For Romney's campaign, race is treacherous ground that he can't resist mining for votes, and he has just used Israel as a means of tapping it from a safe distance.
Romney can't resist employing subtle racist appeals because he draws support from white voters who despise Obama, and for reasons that are often intertwined with crude racial stereotypes. Consider the ugly accusations -- not just from Romney, but from other Republicans in the course of the primaries -- that Obama is a socialist, who has turned us into a country dependent upon government handouts. Such depictions have carried more than a faint echo of old-school talk of "welfare queens," a term in which "black" always seemed like a silent consonant.
The endless and ridiculous questioning of Obama's citizenship from within Republican ranks operates on the surface of deeper unease that a man of mixed race can be "one of us," fueling a quest for proof that he isn't.
The Republican nominee must feel perpetual temptation to stimulate white discomfort with Obama while subtly celebrating white superiority -- a message that surely appeals to a core segment of voters. At the same time, Romney has to manage this appeal with exceeding care given how easily it could blow up in his face, enhancing his pedigree as a prep school boy whose Daddy was governor, and who made his own fortune as a private equity guy. These are traits that -- combined with the man Romney actually seems to be -- mark him as out of touch with people who are not just like him. Which is to say, people who are neither exceedingly rich, exceedingly white, nor in possession of the keys to multiple residences.
Romney's most potent appeal to white voters unhappy with Obama is his tireless championing of the narrative of American self-reliance: the persistent idea that successful people owe their good fortune not to lucky happenstance, such as the wealth of their parents, but to their own hard work, and their own decency as people. His campaign, if nothing else, pushes back against the notion that American success reflects a system stacked in favor of select groups: industries that benefit from corporate welfare; white kids who benefit from better schools and health care; rich people who can afford to hire accountants to find loopholes in the tax code.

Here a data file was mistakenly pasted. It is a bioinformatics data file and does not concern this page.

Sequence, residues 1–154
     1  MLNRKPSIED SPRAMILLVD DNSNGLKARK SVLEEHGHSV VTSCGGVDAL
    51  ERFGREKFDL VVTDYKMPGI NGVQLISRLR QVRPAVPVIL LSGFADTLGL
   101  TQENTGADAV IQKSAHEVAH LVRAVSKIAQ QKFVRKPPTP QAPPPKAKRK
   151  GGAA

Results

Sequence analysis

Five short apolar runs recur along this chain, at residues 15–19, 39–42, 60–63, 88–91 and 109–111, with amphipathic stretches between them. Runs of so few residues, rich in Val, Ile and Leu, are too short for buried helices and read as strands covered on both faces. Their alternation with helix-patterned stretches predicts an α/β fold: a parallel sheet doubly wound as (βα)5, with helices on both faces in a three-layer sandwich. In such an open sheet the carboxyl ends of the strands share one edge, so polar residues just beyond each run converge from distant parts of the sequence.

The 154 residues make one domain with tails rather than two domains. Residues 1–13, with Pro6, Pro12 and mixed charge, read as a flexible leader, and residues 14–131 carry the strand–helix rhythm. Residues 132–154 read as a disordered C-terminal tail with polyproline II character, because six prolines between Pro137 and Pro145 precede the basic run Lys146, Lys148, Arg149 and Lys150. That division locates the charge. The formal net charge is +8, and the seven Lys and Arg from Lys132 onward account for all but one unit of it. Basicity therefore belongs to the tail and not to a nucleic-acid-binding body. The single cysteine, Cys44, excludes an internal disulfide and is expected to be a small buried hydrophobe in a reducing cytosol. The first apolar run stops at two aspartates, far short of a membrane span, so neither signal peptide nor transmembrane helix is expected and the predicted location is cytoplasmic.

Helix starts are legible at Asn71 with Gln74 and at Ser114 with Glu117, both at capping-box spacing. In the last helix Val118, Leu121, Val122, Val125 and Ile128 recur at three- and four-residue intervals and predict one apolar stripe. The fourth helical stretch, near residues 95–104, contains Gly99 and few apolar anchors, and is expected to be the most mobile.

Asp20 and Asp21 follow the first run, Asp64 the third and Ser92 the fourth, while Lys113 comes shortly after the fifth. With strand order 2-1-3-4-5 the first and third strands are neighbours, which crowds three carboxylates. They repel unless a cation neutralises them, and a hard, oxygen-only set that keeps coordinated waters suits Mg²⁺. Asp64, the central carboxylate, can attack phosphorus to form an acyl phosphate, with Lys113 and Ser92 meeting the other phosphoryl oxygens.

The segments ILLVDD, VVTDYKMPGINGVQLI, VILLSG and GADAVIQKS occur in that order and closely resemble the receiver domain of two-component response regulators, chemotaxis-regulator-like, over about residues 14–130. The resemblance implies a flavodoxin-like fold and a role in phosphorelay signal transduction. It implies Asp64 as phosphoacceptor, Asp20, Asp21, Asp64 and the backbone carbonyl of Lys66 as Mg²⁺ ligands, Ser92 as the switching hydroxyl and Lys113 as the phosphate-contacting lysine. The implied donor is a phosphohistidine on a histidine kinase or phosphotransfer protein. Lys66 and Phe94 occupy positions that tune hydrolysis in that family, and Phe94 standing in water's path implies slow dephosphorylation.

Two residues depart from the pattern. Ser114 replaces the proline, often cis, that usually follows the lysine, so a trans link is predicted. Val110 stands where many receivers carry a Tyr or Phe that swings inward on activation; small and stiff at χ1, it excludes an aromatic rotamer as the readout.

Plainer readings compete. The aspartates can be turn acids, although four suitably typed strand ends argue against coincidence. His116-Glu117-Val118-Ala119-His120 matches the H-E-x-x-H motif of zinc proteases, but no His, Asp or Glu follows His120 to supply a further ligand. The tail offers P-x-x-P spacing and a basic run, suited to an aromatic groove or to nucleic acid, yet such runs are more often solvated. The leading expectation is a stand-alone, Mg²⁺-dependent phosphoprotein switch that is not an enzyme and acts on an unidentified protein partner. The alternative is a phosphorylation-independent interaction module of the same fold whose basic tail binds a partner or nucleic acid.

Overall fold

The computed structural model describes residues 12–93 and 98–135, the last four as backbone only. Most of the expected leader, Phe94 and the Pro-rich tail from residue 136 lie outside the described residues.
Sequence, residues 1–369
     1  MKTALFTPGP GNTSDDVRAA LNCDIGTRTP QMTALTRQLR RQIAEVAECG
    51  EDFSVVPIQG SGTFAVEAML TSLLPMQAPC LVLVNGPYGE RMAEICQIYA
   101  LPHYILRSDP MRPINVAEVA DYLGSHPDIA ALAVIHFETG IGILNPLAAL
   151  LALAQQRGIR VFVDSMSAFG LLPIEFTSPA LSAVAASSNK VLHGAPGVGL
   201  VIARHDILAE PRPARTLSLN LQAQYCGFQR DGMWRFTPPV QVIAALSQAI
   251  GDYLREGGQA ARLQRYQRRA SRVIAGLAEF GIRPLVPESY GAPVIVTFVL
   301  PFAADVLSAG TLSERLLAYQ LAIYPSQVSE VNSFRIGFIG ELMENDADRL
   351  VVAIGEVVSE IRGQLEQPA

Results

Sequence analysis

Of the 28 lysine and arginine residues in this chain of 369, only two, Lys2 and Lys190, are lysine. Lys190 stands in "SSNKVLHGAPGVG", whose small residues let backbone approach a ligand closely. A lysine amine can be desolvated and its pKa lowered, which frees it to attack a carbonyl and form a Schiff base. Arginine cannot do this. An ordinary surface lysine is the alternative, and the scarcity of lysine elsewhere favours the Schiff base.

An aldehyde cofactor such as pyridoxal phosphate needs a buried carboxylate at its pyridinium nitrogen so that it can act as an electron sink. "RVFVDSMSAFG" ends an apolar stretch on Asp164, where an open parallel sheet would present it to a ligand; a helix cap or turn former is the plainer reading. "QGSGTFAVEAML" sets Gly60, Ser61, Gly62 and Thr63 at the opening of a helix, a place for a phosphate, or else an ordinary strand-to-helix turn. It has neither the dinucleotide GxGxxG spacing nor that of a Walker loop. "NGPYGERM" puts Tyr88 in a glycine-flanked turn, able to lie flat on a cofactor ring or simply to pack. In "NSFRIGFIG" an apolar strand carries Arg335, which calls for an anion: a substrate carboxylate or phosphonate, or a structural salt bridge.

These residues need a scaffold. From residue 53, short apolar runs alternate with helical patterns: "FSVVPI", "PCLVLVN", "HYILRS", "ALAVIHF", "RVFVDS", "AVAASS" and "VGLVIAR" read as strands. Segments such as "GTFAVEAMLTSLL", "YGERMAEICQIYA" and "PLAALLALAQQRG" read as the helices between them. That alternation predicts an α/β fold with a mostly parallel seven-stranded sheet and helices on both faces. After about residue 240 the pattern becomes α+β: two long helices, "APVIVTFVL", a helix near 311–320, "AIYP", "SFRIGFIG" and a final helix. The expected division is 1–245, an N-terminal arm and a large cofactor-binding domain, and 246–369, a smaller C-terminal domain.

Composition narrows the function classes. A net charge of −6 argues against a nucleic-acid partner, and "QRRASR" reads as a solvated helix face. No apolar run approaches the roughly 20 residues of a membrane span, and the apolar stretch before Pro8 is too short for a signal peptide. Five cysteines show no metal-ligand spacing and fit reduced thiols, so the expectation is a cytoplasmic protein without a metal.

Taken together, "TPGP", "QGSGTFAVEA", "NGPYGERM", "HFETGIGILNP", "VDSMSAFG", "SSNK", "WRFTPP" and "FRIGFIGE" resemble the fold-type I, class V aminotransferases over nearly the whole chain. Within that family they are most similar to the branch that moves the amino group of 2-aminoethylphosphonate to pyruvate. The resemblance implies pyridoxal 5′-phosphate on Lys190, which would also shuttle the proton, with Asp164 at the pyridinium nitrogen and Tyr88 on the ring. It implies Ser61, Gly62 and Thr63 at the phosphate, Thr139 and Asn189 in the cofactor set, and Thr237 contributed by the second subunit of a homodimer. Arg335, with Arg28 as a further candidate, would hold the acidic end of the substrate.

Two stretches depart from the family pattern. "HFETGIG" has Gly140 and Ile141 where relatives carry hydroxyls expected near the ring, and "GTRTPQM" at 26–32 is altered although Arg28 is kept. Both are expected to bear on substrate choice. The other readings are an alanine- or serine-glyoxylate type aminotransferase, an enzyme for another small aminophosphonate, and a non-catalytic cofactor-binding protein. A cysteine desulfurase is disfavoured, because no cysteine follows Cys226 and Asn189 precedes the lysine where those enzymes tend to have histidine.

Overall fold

He is asking for votes by telling the story of a mystical America in which life is equally fair for everyone, one in which winners and losers reflect their innate virtues. So help yourself to a giant tax cut, wealthy Americans, because you've earned it! And look in the mirror, struggling people who may need help, because you are the loser spawn of damaged culture.
This is something Romney could never say quite so explicitly at home -- at least, not without running the risk of being branded insensitive and maybe a racist. But the upside of owning this message seems clear: He cultivates support among those distrustful of government, the usual means of rectifying systemic injustice such as that which separates white America from black America, and Palestine from Israel.
In a bid to capture that upside while avoiding the downside, he flies to Israel and says it there.
Here is domestic political opportunism playing out abroad.
And here is a useful window into the soul of a man who wants to be president.